April 3, 2015

The Art of Losing Yourself




This book should come with a warning – or maybe more than one! I didn’t cry while I was reading but have cried since finishing the book last night a minimum of three times just thinking about everything I read and felt.



I’ve read all of Ganshert’s novels so I knew there would be a serious side to at least one character but nothing could have prepared me for the emotions I felt as I connected with Carmen. No, we haven’t gone through the same exact struggles but like her I have experienced secret pain and sadness and really empathized with her character. And I can only imagine quite a few teenagers could at least sympathize with some of Gracie’s problems in life especially bullying and peer pressure at school and a divorced alcoholic mother at home.



Ganshert’s use of first person for both Carmen and Gracie’s alternating viewpoints in this book really sets the tone for their stories. I appreciated the headings for each section telling me which character was talking but their voices were so strong and distinct that I would have known who it was anyway. And the dialogue – especially the conversations between Ben and Carmen were perfect. You could hear the hurt and pain in both of their voices and could almost see the looks on their faces. Carmen’s flashbacks were a little challenging for me to keep up with but were such a great addition to the story that it didn’t distract me and thankfully kept the pace of the story moving instead of slowing it down. I loved how effortlessly she moved from Carmen to Gracie without losing me. Sometimes in books written this way I find myself wanting to skip chapters just to get back to my favorite character’s point of view but I never felt that way in The Art of Losing Yourself.




This story is full of tension. Carmen and Gracie both have an overwhelming amount of internal conflicts in their lives but those of course spill out into their relationships with everyone around them. It was especially amazing to see the growth in Gracie’s life as love and the right kind of attention were poured into her life. It was evident reading this book that Ganshert truly understands the types of hurt her characters portrayed.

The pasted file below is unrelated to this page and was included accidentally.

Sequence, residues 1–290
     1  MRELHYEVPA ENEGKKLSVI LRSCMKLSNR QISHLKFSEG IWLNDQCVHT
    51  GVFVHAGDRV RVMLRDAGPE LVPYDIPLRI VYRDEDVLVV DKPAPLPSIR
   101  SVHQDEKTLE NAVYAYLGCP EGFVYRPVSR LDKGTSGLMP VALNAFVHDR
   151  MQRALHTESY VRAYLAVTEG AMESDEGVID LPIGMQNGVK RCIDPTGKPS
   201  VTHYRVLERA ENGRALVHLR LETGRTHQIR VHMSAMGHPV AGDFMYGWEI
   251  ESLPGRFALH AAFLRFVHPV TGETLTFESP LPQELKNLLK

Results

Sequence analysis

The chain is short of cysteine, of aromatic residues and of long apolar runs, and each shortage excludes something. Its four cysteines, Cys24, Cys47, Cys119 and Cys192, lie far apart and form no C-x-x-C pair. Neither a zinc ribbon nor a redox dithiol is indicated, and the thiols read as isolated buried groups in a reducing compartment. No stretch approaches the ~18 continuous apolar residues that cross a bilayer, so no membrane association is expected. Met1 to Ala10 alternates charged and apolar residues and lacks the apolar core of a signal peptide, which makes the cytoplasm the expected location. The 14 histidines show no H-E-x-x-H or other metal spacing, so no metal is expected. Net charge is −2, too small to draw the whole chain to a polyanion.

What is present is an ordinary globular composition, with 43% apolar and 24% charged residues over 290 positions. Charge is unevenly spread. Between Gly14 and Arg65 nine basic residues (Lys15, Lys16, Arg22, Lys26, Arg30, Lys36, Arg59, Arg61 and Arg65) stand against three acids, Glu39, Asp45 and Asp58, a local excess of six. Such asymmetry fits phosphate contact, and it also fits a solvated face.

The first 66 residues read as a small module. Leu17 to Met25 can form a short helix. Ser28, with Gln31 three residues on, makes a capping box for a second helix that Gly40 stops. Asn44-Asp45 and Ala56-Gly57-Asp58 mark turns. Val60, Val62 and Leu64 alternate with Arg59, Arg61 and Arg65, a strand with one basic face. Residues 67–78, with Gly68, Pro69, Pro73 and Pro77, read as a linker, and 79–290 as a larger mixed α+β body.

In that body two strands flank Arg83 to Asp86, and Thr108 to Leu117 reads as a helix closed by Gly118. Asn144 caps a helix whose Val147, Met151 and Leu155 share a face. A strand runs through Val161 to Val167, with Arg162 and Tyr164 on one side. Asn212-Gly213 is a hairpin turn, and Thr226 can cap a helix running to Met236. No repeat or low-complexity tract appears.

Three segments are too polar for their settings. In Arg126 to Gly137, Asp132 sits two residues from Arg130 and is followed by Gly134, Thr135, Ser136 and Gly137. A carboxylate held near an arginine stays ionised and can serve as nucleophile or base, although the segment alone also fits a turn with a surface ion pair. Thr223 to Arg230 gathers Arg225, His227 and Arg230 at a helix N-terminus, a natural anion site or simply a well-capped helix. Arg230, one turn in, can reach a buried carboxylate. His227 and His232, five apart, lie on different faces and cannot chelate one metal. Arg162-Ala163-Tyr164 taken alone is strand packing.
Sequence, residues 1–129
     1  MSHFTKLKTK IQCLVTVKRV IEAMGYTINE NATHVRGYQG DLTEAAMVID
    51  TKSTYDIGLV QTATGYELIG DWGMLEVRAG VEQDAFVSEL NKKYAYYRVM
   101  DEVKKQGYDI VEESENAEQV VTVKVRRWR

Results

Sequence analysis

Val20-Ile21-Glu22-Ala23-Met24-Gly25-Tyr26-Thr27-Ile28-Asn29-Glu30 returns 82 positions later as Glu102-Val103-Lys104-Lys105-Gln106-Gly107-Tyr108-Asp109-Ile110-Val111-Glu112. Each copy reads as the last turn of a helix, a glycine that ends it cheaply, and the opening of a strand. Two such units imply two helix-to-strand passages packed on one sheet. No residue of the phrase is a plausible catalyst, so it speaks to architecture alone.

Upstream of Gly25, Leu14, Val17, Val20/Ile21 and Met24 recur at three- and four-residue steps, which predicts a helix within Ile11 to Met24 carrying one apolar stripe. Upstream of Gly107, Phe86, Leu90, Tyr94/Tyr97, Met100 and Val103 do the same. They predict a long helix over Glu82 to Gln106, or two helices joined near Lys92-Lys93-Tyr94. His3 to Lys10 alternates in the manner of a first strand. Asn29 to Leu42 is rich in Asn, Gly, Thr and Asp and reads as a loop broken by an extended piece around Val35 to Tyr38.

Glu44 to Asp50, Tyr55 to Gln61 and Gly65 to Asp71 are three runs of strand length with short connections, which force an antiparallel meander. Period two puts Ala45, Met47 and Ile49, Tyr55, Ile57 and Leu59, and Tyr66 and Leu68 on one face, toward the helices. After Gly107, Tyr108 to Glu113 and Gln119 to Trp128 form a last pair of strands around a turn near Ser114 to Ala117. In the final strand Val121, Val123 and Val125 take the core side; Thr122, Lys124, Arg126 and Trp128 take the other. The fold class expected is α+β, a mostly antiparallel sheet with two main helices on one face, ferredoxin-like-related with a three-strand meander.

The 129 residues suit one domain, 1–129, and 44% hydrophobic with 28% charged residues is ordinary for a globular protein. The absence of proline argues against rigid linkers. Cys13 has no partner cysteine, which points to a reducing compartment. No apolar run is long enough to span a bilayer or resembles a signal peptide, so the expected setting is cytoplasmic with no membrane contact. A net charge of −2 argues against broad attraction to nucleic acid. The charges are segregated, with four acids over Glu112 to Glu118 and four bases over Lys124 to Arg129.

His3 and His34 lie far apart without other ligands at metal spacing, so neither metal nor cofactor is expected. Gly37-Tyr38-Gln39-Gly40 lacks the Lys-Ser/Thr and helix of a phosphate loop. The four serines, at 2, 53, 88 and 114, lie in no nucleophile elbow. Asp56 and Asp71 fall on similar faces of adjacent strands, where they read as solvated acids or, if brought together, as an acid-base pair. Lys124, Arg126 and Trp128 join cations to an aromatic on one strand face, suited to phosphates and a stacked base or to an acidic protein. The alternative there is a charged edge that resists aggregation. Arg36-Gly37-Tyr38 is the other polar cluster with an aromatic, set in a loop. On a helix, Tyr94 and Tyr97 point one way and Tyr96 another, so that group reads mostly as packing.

I love anytime a book gets two romance stories in one. It was cute to watch Gracie falling for a guy but it was so realistic to see the romantic tension in Ben and Carmen’s marriage. They definitely experienced real life issues. However, when they “made up” it did seem a little too fast for me.  But I loved that they were finally communicating with each other on a deep level. I also appreciated that Carmen portrayed a woman struggling in her personal spiritual life. I love it when characters have real life issues but somehow find a way to grow closer to God throughout the story. That is why I read Christian Fiction. I want to learn from the characters in the book.

Ganshert has such a gift for taking hard subjects and turning them into spectacular material for a novel. Even though this book covers some difficult topics (bullying, peer pressure, alcohol, marital discord, and miscarriages) she does it in such a way that it actually helps people that have dealt with those or similar issues. I found myself mulling over this book for a long time after I finished reading it. I just couldn’t get enough of the lessons the characters learned about life. I would recommend this book to anyone but especially to women who have dealt with great loss or suffering in their lives. I lost sleep finishing this book and I lost sleep after I finished reading because I was so caught up in Ben and Carmen’s lives. I’m really hoping for a sequel!

Waterbrook Press provided me an advanced copy of this book in exchange for my honest review.